English as the language of Europe?

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In this guest post, Christiane Keilig from the British Council in Berlin shares her views on why just English isn’t enough.

Last Friday the German president, Joachim Gauck, proposed to make English the language of the EU.  I was surprised to hear it  – why did he say that? Just to appease the British and make sure they stay aboard the EU? Or to allay fears that Germany is becoming too powerful? It’s probably a bit of both. But, thinking about it, it does seem to make sense, because:

  • English is comparatively easy to learn (I had to learn Latin and Greek  as first foreign languages and I rejoiced in English)
  • It is already an established business language and dominates in certain areas, for instance IT and banking
  • It is the language spoken by big economies

Okay, but.

There are also other huge economies out there and I would argue that if you want to sell a product or a service to a foreign market, you need to speak their language and not just English.

Because a market, or rather, countries, are also about culture and I believe that you cannot truly understand a culture without speaking the language – language itself reveals a lot about a country’s mindset.

Also, business is not all. Especially in Europe and in times of crisis, it is important that we understand each other – we cannot afford to threaten a construct which, although fraught with bureaucracy, is also there to maintain peace. Personally, I sometimes think that aspect is sadly underrated.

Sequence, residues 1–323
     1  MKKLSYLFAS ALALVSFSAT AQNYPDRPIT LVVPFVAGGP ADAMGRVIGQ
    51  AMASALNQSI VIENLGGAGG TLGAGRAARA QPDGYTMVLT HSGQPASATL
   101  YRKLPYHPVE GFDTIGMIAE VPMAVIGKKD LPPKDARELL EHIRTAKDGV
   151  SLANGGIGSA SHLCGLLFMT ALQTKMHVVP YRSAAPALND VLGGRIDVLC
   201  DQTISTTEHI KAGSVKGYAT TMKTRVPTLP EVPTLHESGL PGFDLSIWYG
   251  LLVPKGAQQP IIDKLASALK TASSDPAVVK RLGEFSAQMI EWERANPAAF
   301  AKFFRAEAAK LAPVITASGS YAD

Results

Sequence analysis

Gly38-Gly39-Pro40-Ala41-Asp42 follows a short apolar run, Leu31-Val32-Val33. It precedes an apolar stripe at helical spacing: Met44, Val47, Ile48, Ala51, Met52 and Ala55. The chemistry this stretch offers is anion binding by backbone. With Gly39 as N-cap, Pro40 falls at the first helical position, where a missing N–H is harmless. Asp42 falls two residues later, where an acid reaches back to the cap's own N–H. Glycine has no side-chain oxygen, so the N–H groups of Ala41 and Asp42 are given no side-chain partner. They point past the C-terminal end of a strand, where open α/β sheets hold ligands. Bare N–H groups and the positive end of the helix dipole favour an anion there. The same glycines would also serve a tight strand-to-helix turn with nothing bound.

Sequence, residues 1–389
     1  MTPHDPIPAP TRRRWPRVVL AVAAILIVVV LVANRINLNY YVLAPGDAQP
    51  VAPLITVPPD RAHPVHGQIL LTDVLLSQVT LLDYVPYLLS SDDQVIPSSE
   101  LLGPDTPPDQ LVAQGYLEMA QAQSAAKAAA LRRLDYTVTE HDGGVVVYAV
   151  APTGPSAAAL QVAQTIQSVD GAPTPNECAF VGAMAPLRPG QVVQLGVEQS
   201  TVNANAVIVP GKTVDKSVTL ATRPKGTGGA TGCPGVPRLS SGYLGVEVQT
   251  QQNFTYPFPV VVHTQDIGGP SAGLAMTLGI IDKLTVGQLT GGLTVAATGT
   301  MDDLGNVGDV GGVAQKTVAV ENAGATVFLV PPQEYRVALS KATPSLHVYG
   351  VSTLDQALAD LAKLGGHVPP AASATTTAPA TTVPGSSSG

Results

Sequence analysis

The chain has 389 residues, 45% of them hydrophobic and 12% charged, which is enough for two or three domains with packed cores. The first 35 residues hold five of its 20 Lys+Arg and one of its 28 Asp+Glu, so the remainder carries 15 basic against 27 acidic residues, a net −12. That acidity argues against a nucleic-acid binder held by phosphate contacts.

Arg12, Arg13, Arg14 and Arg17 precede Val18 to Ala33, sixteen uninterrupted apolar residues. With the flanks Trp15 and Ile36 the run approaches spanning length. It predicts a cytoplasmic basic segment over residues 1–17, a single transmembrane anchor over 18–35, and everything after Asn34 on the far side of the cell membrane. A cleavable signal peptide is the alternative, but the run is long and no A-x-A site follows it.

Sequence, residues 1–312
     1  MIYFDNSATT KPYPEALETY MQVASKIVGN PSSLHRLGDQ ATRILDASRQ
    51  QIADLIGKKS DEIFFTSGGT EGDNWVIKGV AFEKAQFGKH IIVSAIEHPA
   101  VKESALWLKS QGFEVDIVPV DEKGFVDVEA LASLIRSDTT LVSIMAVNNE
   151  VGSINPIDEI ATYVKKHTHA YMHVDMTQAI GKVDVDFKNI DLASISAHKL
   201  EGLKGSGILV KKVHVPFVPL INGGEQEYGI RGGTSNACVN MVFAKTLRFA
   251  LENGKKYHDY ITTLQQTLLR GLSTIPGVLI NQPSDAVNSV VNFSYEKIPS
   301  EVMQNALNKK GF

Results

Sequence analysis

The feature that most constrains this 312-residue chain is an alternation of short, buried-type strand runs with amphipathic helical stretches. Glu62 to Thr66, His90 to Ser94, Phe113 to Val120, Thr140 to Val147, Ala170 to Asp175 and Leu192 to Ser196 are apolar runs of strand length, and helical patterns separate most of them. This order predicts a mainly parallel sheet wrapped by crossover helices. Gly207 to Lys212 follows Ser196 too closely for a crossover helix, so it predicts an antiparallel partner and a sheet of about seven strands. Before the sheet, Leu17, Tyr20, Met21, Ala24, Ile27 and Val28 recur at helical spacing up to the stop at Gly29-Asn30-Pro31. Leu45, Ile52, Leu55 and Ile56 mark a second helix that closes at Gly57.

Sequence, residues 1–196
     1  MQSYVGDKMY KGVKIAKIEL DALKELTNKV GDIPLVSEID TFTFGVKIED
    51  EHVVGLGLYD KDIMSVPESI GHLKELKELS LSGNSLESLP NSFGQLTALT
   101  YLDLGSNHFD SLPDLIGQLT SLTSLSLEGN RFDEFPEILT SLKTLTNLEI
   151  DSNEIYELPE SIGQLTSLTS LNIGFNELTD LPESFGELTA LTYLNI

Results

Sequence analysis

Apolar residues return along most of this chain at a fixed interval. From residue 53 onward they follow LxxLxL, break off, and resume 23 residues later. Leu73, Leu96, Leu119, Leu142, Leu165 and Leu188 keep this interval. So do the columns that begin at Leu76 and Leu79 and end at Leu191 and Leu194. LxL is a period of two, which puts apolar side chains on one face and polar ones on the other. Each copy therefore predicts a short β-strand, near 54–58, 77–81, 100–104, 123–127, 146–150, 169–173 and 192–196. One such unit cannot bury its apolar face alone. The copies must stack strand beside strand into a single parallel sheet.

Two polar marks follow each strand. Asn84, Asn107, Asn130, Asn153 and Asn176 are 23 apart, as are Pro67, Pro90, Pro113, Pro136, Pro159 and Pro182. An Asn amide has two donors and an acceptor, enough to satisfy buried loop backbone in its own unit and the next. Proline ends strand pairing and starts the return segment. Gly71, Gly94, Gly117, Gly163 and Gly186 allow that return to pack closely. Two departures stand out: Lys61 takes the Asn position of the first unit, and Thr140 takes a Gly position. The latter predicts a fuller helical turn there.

Moreover, in times of globalisation and mobility, with families living and working far away from their home country, it’s also important their children can learn their mother tongue – it is a vital part of their identity and culture.  So it’s not just about learning the language of the country they’re now living in and then ‘just’ English.

Just to pick up on one of the areas of the project’s research: Education. The Language Rich Europe research clearly shows a tendency for English as the most widely chosen language to be learned at school – which could be seen to be endangering the diversity of languages.  It is important that especially at school other languages are taught with the same importance attached to them .

For instance, the school my son goes to offers English, French and Latin and you can choose the order in which you learn the languages. I convinced him to learn Latin first, as that gives him a good basis for grammar and all romanic languages. It would be a shame if opportunities like that would disappear.